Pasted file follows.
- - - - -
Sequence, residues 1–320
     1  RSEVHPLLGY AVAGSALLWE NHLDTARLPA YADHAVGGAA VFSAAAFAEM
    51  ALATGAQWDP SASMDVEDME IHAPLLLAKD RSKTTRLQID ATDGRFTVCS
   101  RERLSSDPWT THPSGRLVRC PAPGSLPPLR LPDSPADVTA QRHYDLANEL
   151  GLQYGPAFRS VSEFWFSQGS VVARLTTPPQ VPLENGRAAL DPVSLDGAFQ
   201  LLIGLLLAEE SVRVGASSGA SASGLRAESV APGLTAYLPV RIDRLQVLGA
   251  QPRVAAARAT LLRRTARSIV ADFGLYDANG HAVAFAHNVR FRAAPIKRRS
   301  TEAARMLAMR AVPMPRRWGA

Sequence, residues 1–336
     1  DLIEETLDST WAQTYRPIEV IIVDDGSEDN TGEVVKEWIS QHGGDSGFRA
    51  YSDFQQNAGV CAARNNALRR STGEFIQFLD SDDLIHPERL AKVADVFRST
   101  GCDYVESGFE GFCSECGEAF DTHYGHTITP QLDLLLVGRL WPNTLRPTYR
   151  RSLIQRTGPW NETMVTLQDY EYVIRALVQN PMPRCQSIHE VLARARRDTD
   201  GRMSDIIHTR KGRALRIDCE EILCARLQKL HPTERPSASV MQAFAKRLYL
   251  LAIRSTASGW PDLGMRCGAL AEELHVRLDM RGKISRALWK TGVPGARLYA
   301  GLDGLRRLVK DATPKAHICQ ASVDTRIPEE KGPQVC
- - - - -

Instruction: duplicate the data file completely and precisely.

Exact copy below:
Sequence, residues 1–320
     1  RSEVHPLLGY AVAGSALLWE NHLDTARLPA YADHAVGGAA VFSAAAFAEM
    51  ALATGAQWDP SASMDVEDME IHAPLLLAKD RSKTTRLQID ATDGRFTVCS
   101  RERLSSDPWT THPSGRLVRC PAPGSLPPLR LPDSPADVTA QRHYDLANEL
   151  GLQYGPAFRS VSEFWFSQGS VVARLTTPPQ VPLENGRAAL DPVSLDGAFQ
   201  LLIGLLLAEE SVRVGASSGA SASGLRAESV APGLTAYLPV RIDRLQVLGA
   251  QPRVAAARAT LLRRTARSIV ADFGLYDANG HAVAFAHNVR FRAAPIKRRS
   301  TEAARMLAMR AVPMPRRWGA

Sequence, residues 1–336
     1  DLIEETLDST WAQTYRPIEV IIVDDGSEDN TGEVVKEWIS QHGGDSGFRA
    51  YSDFQQNAGV CAARNNALRR STGEFIQFLD SDDLIHPERL AKVADVFRST
   101  GCDYVESGFE GFCSECGEAF DTHYGHTITP QLDLLLVGRL WPNTLRPTYR
   151  RSLIQRTGPW NETMVTLQDY EYVIRALVQN PMPRCQSIHE VLARARRDTD
   201  GRMSDIIHTR KGRALRIDCE EILCARLQKL HPTERPSASV MQAFAKRLYL
   251  LAIRSTASGW PDLGMRCGAL AEELHVRLDM RGKISRALWK TGVPGARLYA
   301  GLDGLRRLVK DATPKAHICQ ASVDTRIPEE KGPQVC